The Hummingbird Project review — Epic ambition drives unusual thriller

Written and Directed by Kim Nguyen | 111 min

“You are here to have moments of pure inspiration, and right now, you’re not even here.” So says Eva (Salma Hayek with an amazing dye-job), to Anton (Alexander Sarsgaard), a brilliant, slightly slouched tech wizard, one of those guys operating so far above the rest of us it’s hard to see his head. Anton’s cousin, Vincent (Jesse Eisenberg), is the hustler, and their plan is why Anton is distracted.

The secret project: build a fibre-optic cable in a straight line from Kansas to New Jersey, which they’re planning with the help of construction engineer, Mark (Michael Mando). The idea is that if the digital information from the New York Stock Exchange travels along this cable a millisecond faster than it does anywhere else, it will allow the brokers a multi-million dollar advantage.

Twenty minutes in and you won’t be able to tell what kind of a movie this is. That’s to its credit: Nguyen (Two Lovers And A Bear) refuses to plant his flag of structure or genre, while skirting a few here and there: a tech thriller, a family drama, and a dark comedy, but what he settles into is that peculiarly American brand of epic, about the dreamers with the wild, relentless ambition—nothing will stop them from achieving, for better or worse—the cinematic DNA that gave us both There Will Be Blood and The Hudsucker Proxy. Vincent talks about his father’s immigration to the United States from Russia, and says this about his dream: “It’s just something I need to do.”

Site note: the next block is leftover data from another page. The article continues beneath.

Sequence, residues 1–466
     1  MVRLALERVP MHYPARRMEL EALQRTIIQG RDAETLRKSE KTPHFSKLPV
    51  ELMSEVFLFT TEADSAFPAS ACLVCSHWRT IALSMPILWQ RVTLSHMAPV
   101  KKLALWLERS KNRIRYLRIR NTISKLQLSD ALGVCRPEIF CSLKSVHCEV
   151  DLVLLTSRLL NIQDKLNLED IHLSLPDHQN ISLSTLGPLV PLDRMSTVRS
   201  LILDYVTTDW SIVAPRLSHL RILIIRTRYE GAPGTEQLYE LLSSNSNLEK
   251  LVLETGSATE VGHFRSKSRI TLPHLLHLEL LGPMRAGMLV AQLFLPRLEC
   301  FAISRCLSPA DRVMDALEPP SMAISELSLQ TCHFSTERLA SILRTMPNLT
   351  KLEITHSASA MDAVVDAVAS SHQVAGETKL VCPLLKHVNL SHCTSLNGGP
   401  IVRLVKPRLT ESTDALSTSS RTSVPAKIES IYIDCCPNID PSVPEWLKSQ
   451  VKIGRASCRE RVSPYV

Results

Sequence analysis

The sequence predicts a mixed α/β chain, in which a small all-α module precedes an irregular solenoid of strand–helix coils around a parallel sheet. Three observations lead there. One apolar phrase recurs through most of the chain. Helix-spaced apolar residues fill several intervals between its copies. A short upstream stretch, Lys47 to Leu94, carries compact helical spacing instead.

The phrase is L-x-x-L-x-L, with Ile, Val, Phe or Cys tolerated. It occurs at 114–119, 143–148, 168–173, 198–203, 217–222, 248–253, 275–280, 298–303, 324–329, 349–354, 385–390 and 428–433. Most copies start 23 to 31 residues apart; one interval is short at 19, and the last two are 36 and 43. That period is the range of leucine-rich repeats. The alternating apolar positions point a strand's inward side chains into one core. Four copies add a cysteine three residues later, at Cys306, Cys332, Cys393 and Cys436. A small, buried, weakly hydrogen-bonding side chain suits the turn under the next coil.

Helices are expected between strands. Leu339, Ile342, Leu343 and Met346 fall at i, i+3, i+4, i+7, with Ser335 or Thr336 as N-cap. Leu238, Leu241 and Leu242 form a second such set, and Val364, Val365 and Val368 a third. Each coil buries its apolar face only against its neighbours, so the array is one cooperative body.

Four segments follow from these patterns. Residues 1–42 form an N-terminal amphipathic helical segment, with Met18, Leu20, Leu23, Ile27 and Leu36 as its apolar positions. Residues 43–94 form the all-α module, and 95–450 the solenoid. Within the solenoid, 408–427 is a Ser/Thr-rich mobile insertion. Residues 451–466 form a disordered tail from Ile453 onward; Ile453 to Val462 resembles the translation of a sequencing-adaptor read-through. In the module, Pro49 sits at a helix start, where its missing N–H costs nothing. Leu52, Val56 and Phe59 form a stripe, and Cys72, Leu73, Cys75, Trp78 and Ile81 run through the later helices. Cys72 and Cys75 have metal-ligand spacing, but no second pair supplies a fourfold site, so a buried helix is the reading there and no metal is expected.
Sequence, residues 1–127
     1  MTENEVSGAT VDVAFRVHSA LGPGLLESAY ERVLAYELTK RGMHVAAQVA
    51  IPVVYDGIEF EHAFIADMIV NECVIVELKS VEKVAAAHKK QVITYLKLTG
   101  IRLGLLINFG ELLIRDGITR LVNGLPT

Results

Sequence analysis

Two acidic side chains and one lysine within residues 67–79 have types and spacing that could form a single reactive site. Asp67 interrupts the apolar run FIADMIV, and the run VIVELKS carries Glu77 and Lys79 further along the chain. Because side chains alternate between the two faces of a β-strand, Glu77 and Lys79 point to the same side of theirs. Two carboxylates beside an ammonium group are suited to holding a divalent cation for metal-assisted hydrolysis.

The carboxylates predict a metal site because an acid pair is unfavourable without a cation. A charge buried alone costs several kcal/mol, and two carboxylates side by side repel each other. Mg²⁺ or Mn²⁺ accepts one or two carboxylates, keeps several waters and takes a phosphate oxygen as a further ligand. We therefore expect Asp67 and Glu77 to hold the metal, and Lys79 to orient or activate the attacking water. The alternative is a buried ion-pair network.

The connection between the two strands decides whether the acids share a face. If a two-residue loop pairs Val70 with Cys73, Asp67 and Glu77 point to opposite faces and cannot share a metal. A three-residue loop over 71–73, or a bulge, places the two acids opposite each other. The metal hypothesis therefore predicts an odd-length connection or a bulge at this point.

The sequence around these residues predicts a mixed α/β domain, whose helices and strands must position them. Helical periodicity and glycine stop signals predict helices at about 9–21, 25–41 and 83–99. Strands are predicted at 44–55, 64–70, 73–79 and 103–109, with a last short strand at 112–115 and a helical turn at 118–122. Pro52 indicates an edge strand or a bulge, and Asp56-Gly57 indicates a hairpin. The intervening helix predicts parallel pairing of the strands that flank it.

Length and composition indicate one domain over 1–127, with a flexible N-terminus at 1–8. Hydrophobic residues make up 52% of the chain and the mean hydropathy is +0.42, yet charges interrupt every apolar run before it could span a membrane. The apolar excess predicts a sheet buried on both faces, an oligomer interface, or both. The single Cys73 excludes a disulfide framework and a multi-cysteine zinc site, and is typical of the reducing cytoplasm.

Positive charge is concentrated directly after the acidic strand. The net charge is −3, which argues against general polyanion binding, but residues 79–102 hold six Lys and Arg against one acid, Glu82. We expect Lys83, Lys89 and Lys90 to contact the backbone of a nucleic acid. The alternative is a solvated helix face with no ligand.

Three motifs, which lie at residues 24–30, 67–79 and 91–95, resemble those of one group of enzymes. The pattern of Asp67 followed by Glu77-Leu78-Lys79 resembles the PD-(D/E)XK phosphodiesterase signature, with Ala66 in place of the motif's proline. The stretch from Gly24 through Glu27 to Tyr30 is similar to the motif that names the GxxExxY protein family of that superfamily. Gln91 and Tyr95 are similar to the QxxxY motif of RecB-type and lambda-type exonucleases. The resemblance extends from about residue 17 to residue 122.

I’ve never considered Sarsgaard one of those chameleonic actors, like Christian Bale, but he’s remarkably different here than we’ve seen him before, and Eisenberg does good work, too. What’s maybe most impressive is Nguyen’s storytelling confidence, both his visual sense in the transitions, and the pacing, and characterization in the script. If it doesn’t entirely succeed in delivering an emotional wallop, the glancing blow will leave a mark. There won’t be another film like this one this year, and that’s more than enough reason to see it.

About the author

flawintheiris

Carsten Knox is a massive, cheese-eating nerd. In the day he works as a journalist in Halifax, Nova Scotia. At night he stares out at the rain-slick streets, watches movies, and writes about what he's seeing.

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